The human mind, uninstructed, has always been particularly liable to superstition. Throughout history, and even today, many people believe in a host of invisible entities and forces, including gods, angels, demons, ghosts, spirits, omens, miracles, telepathy, clairvoyance, and more.
At the root of all superstitious beliefs are three related psychological biases, first identified by Francis Bacon, a 17th-century English philosopher and scientist. While Bacon had his own terminology (he referred to groups of related biases as Idols of the mind), the modern terminology is as follows:
- Hyperactive agency detection – the tendency to attribute agency and intention to any event, as when someone assumes that the rustling in the bush is the result of someone or something’s presence, rather than the wind. This evolutionary adaptation, conducive to survival, is a strong candidate for the origin of religious belief. (This makes evolutionary sense: If the rustling in the bush is the wind and you think it’s a lion, it’s a silly mistake; if the rustling is a lion and you think it’s the wind, you’re dead.)
- Hyperactive pattern detection – the tendency to find patterns and meaning in completely random data, as when we see faces in the clouds. As Bacon put it, “The human understanding is of its own nature prone to suppose the existence of more order and regularity in the world than it finds.”
- Confirmation bias – the tendency to search for evidence in support of a belief that we already hold, and to ignore, deny, or reject any and all contradictory evidence. As Bacon said, “The human understanding when it has once adopted an opinion (either as being the received opinion or as being agreeable to itself) draws all things else to support and agree with it.”
And so we find agency, patterns, and meaning in random data and then seek to find positive evidence in favor of these superstitious beliefs, while ignoring any evidence that might suggest those beliefs are false.
Bacon captured the essence of the problem—along with a potential solution—in the following anecdote:
“And therefore it was a good answer that was made by one who, when they showed him hanging in a temple a picture of those who had paid their vows as having escaped shipwreck, and would have him say whether he did not now acknowledge the power of the gods — “Aye,” asked he again, “but where are they painted that were drowned after their vows?” And such is the way of all superstition, whether in astrology, dreams, omens, divine judgments, or the like; wherein men, having a delight in such vanities, mark the events where they are fulfilled, but where they fail, though this happen much oftener, neglect and pass them by….it is the peculiar and perpetual error of the human intellect to be more moved and excited by affirmatives than by negatives; whereas it ought properly to hold itself indifferently disposed toward both alike. Indeed, in the establishment of any true axiom, the negative instance is the more forcible of the two.”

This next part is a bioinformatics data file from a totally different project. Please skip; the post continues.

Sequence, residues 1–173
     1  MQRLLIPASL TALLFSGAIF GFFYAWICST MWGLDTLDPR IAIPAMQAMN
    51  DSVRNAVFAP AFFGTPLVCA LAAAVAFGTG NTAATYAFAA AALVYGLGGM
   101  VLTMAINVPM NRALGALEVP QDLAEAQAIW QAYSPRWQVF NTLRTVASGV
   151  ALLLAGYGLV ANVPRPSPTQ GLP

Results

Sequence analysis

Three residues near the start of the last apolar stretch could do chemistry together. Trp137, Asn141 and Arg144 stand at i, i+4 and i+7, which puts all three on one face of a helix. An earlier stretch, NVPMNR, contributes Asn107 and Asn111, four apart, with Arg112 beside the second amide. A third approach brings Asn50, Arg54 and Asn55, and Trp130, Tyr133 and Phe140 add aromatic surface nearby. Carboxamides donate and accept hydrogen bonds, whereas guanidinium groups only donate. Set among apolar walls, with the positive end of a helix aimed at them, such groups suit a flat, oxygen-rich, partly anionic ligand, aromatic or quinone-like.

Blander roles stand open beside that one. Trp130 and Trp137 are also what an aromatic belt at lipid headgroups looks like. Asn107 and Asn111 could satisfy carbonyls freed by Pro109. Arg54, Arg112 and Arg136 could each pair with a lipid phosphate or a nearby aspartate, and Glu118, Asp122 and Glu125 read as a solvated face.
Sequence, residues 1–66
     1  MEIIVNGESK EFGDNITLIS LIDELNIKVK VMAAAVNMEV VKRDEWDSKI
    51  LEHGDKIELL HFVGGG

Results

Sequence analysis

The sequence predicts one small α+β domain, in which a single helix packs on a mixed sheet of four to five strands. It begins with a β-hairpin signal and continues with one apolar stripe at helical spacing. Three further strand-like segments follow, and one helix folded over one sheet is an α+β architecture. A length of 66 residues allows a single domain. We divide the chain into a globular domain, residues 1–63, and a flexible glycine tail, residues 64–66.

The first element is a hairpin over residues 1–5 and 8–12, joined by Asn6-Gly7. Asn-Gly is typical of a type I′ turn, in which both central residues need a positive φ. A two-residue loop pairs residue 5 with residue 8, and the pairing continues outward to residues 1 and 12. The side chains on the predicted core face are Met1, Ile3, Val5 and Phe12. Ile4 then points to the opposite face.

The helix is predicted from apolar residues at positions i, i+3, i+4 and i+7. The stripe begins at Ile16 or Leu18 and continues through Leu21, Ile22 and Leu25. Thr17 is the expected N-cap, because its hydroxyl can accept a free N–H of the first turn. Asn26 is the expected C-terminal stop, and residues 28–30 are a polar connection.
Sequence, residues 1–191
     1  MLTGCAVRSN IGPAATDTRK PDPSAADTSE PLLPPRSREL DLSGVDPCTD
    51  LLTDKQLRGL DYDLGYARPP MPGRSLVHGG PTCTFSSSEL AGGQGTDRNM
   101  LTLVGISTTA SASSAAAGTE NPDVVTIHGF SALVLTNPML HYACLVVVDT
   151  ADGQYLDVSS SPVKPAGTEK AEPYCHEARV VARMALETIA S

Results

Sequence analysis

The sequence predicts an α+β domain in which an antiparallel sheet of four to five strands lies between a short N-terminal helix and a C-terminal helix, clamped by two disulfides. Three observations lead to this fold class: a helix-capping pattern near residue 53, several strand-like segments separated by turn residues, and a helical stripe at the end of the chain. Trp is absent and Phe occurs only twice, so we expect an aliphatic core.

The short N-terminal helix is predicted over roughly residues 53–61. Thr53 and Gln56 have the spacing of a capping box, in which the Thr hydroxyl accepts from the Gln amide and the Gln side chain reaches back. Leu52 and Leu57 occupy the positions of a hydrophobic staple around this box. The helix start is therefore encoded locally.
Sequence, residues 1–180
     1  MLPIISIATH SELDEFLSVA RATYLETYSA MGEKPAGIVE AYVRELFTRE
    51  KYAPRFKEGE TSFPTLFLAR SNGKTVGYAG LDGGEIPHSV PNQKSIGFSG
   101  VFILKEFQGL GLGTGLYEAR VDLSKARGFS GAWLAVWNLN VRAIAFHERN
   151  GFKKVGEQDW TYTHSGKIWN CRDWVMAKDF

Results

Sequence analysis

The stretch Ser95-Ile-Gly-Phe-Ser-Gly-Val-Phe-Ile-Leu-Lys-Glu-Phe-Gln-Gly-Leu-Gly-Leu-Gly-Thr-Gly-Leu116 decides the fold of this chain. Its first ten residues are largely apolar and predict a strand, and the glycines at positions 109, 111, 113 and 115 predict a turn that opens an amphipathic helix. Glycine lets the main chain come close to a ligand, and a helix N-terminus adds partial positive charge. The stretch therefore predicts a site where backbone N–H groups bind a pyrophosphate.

While many people would look to the survivors of a shipwreck as evidence of a benevolent God, Bacon looked instead to the casualties. Bacon would ask, if a select number of people who took their vows were saved, then how can we explain the larger number of people who also took their vows but were drowned?
By teaching yourself to look for negative instances or failed prophecies/predictions, you can mitigate the appeal of most superstitious beliefs—and resist the urge to attribute supernatural causes to statistical commonalities.
For example, if you find that someone survives a seemingly irrecoverable illness, injury, or natural disaster, before you attribute this to divine intervention, consider two points. First, following Bacon’s shipwreck example, consider the innumerable individuals that died in similar circumstances and ask yourself why they were not also worth “saving.”
Second, remember that in any large sample, there will always be statistical outliers. While the mortality rate may be very high for a particular type of cancer, for instance, there will always be the rare few individuals that “miraculously” recover. This is simply statistics, not divine intervention (or, if it is divine intervention, God seems compelled to, for some reason, abide by the laws of statistics).
Finally, keep in mind that you can never disprove someone’s superstitions, but it is also unnecessary to do so, because, in addition to the burden of proof properly lying with the person making the claim, there is no rational reason for anyone to be more compelled by positive occurrences (a single dream that comes true) than by negative one’s (thousands of dreams that failed to come true), as Francis Bacon pointed out centuries ago.